My advice to a couple who are planning to get married is “Make some time in your hectic pre wedding preparations and get independent legal advice around what type of marriage regime will govern your marriage”. An attorney or better still, a notary public, will be able to explain the different types of marital systems, how each of them work, and most especially the pitfalls as well as the benefits of each one. Ideally a couple should consult an attorney separately from the other, but if that’s not possible, then consult jointly so that at the very least, you would go into the marriage having made an informed decision around these important issues. If your partner is unwilling to agree to the marital system of your choice, getting legal advice will provide you with vital information about what risks you face with the chosen marital system and know how best to manage it. It could also allow you to negotiate with your partner alternate ways to secure assets in your name or how best to provide protection to you and your children in the future. The reality is that this all- too important decision is often left to only one partner to make, or worse still, no consideration at all is made sometimes with disastrous consequences.
Couples who get married by ‘ANC’ (Ante-Nuptial Contract) need to go before a notary and have their ANC executed and then registered at the Deeds Office. These marriages are out-of-community of property. There are 2 types of out-of-community of property marriages, those “With” or “Without” the Accrual system. In both instances, each spouse is allowed full autonomy in conducting their affairs and neither requires the consent of the other when dealing with any form of contract. An out-of-community property with the accrual system only kicks in when the marriage ends, that is either on death or divorce. At this point all the assets accrued by the couple separ whilst married is then measured against the commencement value placed by the couple in their ANC. The spouse whose estate has grown more than the other, will then be required to share the difference with the other spouse whose estate has not grown as much. The out-of- community marriage without accrual, simply means that there will be no accruing of assets when the marriage ends.
Any marriage which is not registered by means of an ANC, will automatically default to being an “in-community-of-property” marriage. In this type of marriage system the assets of both are combined and regarded as one estate. Both spouses equally share all the risks and benefits of their joint estate. One of the dangers of an in-community-of- property marriage is that both are liable for the debts incurred by the other. In fact, if one of the spouses becomes sequestrated, it would automatically include the sequestration of the other spouse too.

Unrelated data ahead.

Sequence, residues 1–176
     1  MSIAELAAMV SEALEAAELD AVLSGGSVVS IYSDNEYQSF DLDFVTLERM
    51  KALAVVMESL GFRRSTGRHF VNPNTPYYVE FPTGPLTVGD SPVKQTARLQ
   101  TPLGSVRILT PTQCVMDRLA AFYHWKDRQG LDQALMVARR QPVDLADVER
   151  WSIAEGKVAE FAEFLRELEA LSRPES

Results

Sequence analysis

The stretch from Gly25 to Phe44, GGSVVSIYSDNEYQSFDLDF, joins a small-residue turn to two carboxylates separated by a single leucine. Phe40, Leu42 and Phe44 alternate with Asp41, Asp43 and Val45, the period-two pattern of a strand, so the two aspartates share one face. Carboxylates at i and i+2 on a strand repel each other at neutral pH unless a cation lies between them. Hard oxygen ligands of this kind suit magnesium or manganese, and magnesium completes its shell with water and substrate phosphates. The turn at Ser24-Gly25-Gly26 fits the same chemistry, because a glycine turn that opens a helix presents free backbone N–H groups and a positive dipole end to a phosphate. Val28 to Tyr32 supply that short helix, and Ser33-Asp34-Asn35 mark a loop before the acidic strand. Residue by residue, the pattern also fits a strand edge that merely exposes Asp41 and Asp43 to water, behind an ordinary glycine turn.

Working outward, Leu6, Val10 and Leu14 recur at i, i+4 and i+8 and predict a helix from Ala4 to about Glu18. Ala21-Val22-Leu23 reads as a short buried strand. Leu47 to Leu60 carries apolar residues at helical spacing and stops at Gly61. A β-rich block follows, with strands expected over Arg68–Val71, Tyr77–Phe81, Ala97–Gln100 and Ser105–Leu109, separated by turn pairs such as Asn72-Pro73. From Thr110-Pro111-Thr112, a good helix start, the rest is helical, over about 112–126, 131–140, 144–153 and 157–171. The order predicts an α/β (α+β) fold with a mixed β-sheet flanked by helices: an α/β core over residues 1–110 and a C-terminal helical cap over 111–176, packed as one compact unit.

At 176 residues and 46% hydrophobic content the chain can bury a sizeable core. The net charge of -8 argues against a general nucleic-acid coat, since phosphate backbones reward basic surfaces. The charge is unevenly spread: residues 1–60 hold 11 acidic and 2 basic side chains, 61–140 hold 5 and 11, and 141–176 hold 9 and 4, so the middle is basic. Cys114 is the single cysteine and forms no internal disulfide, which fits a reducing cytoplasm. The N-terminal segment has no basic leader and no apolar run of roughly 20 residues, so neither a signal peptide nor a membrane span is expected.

I am often asked which marital system is best. However what may work for one couple may not be suited for the other. So for example the advice given to a person who elects not to pursue a career but to rather stay at home and raise a family will differ from the advice given to that person who is climbing the corporate ladder or is in business for himself or herself. In giving legal advice, a good attorney will also enquire whether either of the couple are averse to taking risks in their careers or business, their attitude to incurring debt, what their lifestyles are like and so on. For this reason it makes sense to see an attorney separately so that any awkward questions can be raised without any fear of reprisals, and where necessary, appropriate measures to protect oneself for the future, can then be put to the other spouse.
What marital system may work for one couple, may not necessarily work for another. The type of employment or career path the couple wish to pursue, the risks associated [when viewed from the perspective of creditors] with that chosen career, what assets the couple own are some of the considerations a notary public or attorney will look at and will guide you towards making the correct decision in this regard. More often than not though, both parties would want to continue to earn a separate income and jointly contribute towards the marital expenses.
Once a particular type of marital system has been decided, it cannot be undone without the court’s consent. This will come at a cost and could cause much inconvenience and perhaps even prejudice. Taking the time to ensure that you have all the necessary information so that you make an informed decision in this regard cannot be over emphasized. To ensure parity and equity between the parties, making the right decision in your choice of marital regime becomes critical. Contact Fawzia Khan and get legal advice about which marital regime would be best suited for you and let us help structure a workable outcome for you.
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